15. #15

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    Quote Originally Posted by hap View Post
    It does create finishing difficulties and is therefore not a good choice for projects using finer finishes. It would not be a good choice for gunstock finishing.

    By filling the pores PEG keeps the wood from shrinking as much as it normally would which reduces all sorts of stresses and deformation.
    My uncle said the same thing, though he said that oil finishes worked well in their tests over the PEG impregnated wood, therefore that's what made me wonder about its use for stocks. He did concede that any other finish i.e. urethanes and the like would not work.

  16. #16

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    Quote Originally Posted by hap View Post
    Oil is a lousy wood finish if it is going to be subjected to water. It literally absorbs water vapor faster than bare wood. It looks great and using it over something which truly seals the wood creates a great combination of looks, strength, repairability, application ease, and stability. The PEG is not a water proof thing either and water that gets into the PEG will take forever to dry.
    art
    Interesting. Thanks for the info.

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    Member Dan in Alaska's Avatar
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    Quote Originally Posted by tvfinak View Post
    Interestingly enough - sodium chloride does not adsorb water or moisture from the air - it is the other "salts" or impurities in table salt that cause it to clump up and get moist in damp weather. If you dumped a pile of pure sodium chloride in a pile it the floor in a room it would just stay there pretty much unchanged.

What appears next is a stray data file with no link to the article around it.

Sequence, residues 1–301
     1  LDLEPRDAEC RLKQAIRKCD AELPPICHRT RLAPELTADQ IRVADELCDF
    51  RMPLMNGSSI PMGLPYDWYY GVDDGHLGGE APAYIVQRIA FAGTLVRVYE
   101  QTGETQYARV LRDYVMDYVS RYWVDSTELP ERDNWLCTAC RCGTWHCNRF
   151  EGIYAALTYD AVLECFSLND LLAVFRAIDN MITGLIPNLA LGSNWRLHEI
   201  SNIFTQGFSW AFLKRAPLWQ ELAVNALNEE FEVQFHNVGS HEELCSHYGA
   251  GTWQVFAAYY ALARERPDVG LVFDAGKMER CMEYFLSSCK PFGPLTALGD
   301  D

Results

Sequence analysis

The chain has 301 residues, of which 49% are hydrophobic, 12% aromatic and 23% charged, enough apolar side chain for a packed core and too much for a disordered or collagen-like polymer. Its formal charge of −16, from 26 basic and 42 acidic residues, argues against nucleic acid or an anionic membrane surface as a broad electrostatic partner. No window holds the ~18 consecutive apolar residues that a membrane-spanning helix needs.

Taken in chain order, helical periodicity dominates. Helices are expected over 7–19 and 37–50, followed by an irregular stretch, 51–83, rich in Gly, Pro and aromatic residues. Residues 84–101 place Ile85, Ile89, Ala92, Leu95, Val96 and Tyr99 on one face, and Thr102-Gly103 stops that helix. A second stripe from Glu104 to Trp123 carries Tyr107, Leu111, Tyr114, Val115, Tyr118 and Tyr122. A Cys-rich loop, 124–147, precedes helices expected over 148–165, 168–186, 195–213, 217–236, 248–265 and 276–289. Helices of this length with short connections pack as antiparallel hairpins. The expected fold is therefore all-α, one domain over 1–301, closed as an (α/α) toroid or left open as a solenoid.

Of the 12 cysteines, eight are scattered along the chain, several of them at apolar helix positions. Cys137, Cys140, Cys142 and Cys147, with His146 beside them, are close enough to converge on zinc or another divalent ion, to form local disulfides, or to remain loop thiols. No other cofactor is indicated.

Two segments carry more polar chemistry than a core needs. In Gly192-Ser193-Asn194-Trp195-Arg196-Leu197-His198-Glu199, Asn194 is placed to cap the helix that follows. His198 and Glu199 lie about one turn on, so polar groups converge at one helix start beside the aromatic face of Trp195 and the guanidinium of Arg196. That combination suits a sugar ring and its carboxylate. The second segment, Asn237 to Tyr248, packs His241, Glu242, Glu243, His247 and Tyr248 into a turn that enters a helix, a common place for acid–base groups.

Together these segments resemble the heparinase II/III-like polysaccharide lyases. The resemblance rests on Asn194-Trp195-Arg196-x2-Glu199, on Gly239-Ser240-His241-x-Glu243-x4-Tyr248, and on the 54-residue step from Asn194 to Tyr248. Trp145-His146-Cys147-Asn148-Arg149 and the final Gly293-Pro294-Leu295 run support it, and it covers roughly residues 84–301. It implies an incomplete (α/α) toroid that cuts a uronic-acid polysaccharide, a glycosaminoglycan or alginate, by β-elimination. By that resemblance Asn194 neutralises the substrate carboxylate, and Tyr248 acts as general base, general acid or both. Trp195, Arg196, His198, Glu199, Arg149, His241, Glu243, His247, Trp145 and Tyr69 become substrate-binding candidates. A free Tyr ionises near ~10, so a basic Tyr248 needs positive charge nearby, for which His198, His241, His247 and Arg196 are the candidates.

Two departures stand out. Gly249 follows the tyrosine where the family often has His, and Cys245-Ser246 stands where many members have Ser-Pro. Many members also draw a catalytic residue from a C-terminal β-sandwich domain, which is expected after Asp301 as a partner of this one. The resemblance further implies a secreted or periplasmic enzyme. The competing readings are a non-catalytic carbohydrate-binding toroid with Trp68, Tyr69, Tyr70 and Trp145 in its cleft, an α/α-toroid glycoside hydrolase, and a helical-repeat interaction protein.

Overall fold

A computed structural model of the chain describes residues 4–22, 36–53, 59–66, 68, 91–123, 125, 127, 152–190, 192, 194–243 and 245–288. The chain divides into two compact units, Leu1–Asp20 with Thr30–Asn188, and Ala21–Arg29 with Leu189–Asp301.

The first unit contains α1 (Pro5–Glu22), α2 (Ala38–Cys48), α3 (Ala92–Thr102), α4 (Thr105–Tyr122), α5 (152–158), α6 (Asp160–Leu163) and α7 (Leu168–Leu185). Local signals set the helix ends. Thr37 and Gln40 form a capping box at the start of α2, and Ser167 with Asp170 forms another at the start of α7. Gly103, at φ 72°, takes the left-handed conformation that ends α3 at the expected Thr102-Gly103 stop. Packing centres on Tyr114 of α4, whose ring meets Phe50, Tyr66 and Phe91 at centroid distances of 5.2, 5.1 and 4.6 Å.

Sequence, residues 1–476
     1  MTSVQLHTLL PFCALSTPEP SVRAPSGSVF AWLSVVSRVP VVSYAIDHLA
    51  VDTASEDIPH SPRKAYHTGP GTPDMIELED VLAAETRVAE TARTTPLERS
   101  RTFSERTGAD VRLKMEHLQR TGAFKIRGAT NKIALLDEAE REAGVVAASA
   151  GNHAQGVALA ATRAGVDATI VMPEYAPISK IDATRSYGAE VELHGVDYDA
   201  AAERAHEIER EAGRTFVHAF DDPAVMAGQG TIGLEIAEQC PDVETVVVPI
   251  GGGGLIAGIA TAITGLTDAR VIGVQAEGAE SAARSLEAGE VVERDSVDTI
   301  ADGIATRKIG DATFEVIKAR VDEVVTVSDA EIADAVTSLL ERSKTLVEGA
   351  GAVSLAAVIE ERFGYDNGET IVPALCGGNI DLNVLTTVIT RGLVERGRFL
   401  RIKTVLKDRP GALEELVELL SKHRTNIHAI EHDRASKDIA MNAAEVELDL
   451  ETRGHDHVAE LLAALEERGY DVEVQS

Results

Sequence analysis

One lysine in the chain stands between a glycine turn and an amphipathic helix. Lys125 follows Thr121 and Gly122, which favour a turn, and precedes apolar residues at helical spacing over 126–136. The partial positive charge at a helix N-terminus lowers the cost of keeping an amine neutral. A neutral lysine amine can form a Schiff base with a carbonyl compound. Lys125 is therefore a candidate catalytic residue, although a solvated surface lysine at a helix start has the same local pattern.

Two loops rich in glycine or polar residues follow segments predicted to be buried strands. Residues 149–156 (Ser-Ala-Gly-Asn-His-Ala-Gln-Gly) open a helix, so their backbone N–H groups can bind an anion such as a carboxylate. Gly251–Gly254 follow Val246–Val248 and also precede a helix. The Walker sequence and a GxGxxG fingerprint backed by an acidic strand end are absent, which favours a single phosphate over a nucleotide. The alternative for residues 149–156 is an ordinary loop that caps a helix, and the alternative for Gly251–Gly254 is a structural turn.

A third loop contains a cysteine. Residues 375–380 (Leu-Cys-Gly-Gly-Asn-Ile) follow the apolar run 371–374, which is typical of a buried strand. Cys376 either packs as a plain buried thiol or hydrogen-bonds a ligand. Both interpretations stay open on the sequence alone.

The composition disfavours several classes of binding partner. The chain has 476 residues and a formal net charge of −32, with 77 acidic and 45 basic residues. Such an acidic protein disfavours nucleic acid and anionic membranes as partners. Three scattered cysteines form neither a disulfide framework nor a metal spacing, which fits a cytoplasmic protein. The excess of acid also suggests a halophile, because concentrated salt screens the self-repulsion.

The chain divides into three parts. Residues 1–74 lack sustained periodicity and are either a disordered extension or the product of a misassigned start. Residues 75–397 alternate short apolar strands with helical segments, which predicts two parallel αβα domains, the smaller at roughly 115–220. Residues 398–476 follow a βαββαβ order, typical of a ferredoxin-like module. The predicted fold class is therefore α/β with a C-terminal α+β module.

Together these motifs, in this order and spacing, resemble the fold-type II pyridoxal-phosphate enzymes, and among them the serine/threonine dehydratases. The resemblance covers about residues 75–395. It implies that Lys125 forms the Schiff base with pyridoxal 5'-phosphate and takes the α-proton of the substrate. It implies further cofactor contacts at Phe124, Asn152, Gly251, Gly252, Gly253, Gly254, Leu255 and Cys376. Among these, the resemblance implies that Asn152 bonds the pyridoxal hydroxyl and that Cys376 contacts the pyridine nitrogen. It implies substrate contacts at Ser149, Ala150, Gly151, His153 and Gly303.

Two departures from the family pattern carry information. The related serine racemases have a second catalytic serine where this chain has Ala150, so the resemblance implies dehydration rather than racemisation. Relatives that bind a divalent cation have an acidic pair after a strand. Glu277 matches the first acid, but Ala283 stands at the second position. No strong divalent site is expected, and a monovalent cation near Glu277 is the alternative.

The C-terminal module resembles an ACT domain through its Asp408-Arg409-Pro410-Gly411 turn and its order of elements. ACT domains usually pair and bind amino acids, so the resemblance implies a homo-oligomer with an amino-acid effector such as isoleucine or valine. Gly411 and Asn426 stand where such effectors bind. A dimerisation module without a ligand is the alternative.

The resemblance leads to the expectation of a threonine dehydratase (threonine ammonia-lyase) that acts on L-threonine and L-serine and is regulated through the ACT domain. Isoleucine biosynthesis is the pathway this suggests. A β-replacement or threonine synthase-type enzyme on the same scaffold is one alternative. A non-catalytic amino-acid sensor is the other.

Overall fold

I wondered if sodium chloride acted like silica gel, and pulled moisture out of the air. It is interesting that the impurities are actually responsible for absorbing moisture and clumping in a salt shaker. I remember my folks putting a few grains of rice in the salt shaker to keep it from clumping, but I always assumed it was the salt itself doing the absorbing.

    Good info! Thanks, tvfinak.

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    Default

    This thread used to have a lot more posts in it. What happened?

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    Looks like somebody in control called a forced truce between Murphy and hap. At least one other whole thread disappeared.

    I thought it was getting kinda interesting myself - I would have liked to see the "pissing contest" go on myself.


    Quote Originally Posted by cwh View Post
    This thread used to have a lot more posts in it. What happened?
    Living the urban lifestyle so I can pay my way and for my family's needs, and support my country. And you?
    ".. ask not what your country can do for you, ask what you can do for your country" JFK

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    Moderator Paul H's Avatar
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    It's a pitty as there are few people that have more thorough and accurate knowledge about working and drying wood than Art, both from university level studying of the subject and decades of working wood with his hands.